When can I stop working for a living? If you are over 40, and almost certainly if you are over 50, you’ve asked yourself that question at least once. That’s not quite the right question, and it’s probably not the whole question you are asking. (If you’d like a visual version of this article, check out the webinar here.)
For most people, the question is: “when can I retire and still live the way I want to live?” or maybe “when can I retire and live the way I’ve become accustomed to living?”
To take on the whole question requires thinking a lot about risk – longevity risk, investment risk, health risk, family risk.
- You (and your partner) may live longer than you think you will – many people underestimate.
- Financial markets, especially the stock market, are subject to booms and busts. A big stock market bust during your retirement could disrupt even your most careful planning.
- A major health event could be very expensive. Long term care can be very costly if it lasts for several years.
- Family issues can also introduce unexpected costs. Children can lose their jobs, divorce, or become ill. They may need extra schooling or medical care. Many retired parents feel compelled to help, using precious resources they saved for their “golden years.”
The future is an uncertain place, and retirement is long. Your retirement is likely to last thirty years or more, during which your financial flexibility will decrease – you won’t be able to work more hours, look for a higher paying job, or plan to work more years before retiring, you’ll already be retired!
Think back thirty years from 2020. That’s 1990. In 1990, who predicted 9/11, the rise of the Internet, or Google, Amazon, Facebook, and Netflix? What about President Barack Obama or President Donald Trump? I have a strong suspicion that you’ve experienced important events in your own life that you didn’t predict in 1990.
We won’t cover the risks and unpredictability in this article. Instead, we’ll focus on basic concepts, clarifying the fundamental issues that arise when you consider how you’ll live the way you do now without any earned income.
Perhaps surprisingly, you already have a retirement plan. There is a year when you could retire and keep on living the way you live now without any earnings. If you save a lot each year and don’t spend very much, it could be this year. If you don’t save much and spend a lot, you might not be able to retire until your 90s!
We’re going to start with a simple world, and two people who live there. The world has no taxes, no Social Security, no stock market, and 0% interest rates. Bob and Charlie are both 55 now, and they have been working since they were 25. Each earns $100,000 per year. Their spending and saving are different, though. Charlie spends $60,000 per year and has saved $1.24M. Bob spends $46,667 and has $1.65M in savings.
When can they retire? Bob has more assets and spends less than Charlie. He can (and will) retire earlier – at 60 versus 70 for Charlie. He’ll have more assets when he retires – $1.87M – than Charlie will ($1.74M). So, save more, spend less – retire earlier – and spend less in retirement, too. Save less, spend more – retire later – and spend more in retirement. Both Bob and Charlie will spend all of their assets in retirement, just using them up as they reach age 100.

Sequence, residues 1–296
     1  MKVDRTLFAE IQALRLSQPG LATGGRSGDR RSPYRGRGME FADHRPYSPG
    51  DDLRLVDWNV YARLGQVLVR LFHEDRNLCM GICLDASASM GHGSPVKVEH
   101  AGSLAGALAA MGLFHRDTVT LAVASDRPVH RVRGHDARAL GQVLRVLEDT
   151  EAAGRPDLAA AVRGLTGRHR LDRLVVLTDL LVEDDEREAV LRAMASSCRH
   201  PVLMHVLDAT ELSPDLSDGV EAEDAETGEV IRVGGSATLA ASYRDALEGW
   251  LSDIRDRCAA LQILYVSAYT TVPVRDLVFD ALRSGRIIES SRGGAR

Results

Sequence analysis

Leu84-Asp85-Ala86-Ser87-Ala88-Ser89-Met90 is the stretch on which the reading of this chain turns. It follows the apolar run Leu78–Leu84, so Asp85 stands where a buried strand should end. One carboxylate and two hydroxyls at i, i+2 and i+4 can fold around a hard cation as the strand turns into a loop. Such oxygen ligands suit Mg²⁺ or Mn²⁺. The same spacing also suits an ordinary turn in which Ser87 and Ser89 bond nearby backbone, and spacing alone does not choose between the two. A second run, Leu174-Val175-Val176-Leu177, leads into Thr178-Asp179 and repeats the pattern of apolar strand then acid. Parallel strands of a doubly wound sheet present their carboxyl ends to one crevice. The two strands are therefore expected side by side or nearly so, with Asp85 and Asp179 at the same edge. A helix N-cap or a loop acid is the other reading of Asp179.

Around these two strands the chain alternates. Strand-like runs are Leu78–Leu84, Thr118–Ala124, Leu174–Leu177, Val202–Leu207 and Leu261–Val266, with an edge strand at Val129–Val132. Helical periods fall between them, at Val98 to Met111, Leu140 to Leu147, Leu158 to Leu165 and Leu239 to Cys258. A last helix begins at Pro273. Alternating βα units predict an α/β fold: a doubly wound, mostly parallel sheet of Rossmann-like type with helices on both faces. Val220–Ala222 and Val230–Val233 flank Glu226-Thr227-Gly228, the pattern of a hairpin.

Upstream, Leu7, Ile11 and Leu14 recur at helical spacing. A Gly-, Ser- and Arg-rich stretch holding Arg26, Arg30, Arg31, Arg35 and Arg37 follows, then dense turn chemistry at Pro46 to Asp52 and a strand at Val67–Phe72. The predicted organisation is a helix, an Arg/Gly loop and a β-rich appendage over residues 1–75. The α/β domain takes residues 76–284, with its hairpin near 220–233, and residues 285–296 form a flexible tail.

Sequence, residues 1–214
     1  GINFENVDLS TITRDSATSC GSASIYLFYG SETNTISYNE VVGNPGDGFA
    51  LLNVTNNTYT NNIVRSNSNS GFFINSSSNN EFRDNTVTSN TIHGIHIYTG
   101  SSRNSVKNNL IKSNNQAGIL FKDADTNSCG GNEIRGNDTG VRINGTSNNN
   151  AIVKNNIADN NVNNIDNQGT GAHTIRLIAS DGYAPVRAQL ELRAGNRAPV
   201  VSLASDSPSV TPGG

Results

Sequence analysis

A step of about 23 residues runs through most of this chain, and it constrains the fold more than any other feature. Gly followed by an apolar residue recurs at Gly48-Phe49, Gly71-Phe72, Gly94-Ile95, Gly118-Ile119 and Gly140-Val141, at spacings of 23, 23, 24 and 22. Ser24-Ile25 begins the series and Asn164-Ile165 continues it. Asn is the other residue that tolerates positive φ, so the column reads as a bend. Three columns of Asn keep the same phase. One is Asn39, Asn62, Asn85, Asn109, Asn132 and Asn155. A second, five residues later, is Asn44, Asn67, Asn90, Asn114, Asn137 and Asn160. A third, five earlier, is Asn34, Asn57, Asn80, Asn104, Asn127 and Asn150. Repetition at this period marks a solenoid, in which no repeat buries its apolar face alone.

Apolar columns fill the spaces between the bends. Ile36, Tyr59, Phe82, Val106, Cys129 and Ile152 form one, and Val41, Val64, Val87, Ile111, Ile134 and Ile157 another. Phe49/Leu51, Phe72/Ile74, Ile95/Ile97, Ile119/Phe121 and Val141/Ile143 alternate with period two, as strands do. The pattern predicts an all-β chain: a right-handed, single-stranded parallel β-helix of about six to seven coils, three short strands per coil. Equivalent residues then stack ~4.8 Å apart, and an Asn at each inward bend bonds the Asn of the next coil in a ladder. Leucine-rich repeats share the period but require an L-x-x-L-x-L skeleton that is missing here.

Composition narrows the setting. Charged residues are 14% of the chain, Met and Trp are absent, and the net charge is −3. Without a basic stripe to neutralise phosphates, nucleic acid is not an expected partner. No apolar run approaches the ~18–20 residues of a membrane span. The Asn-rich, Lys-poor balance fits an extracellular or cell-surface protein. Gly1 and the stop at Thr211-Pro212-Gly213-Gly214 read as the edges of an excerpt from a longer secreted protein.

In the real world, people do pay taxes and they do have access to Social Security benefits. How do we think about retirement readiness while accounting for this additional complexity? Conceptually, two basic notions are still the same:
- Maintain your living standard throughout your life, both before and after retirement
- Use all your savings to support your retirement living standard
The Yalls are a 55-year-old couple with a straightforward financial situation, trying to figure out when they can retire. We know (see the table) what they earn, how much they have in assets, their planning horizon, and when they plan to take their Social Security benefits.
We also know (chart below) about the world they live in, and especially, what’s coming: future investment returns, inflation, and potential changes in Social Security retirement benefits.
Armed with all of this information, we can project how much they could spend on discretionary spending (their living standard) every year from now through the end of retirement, depending on when they retire. Their retirement year determines the amount of savings they’ll have accumulated. Each additional year of work allows one more year of saving, and one more year of investment returns on their savings. Each year of work also supports an increase in their Social Security retirement benefits.
Recall that the Yalls spend $38,000 per year on discretionary items. The ages 55 and 60 are too early to retire. If they retire now, at 55, they’ll be able to afford only $15,000. Waiting until 60 to retire will enable them to spend $27,000 per year – still short of their current living standard. At 70, they could spend $49,000 – even more than they spend now. They don’t need to wait that long. Retiring at 65 is the “Goldilocks” year – just right. Their withdrawals from taxable accounts and from their IRAs starting when they retire, coupled with their Social Security benefits, will allow them to spend $38,000 per year on discretionary items, after they’ve funded their rent and paid their income taxes and Medicare Part B premiums.
Just as with Bob and Charlie, the Yalls’ spending and saving strategies imply a retirement strategy – a date when they can afford to retire and keep spending what they are used to spending.
You have an implicit retirement strategy, too. The big question is whether your implicit strategy aligns with your articulated strategy – the date that you (and your partner) have decided will be your last day of work.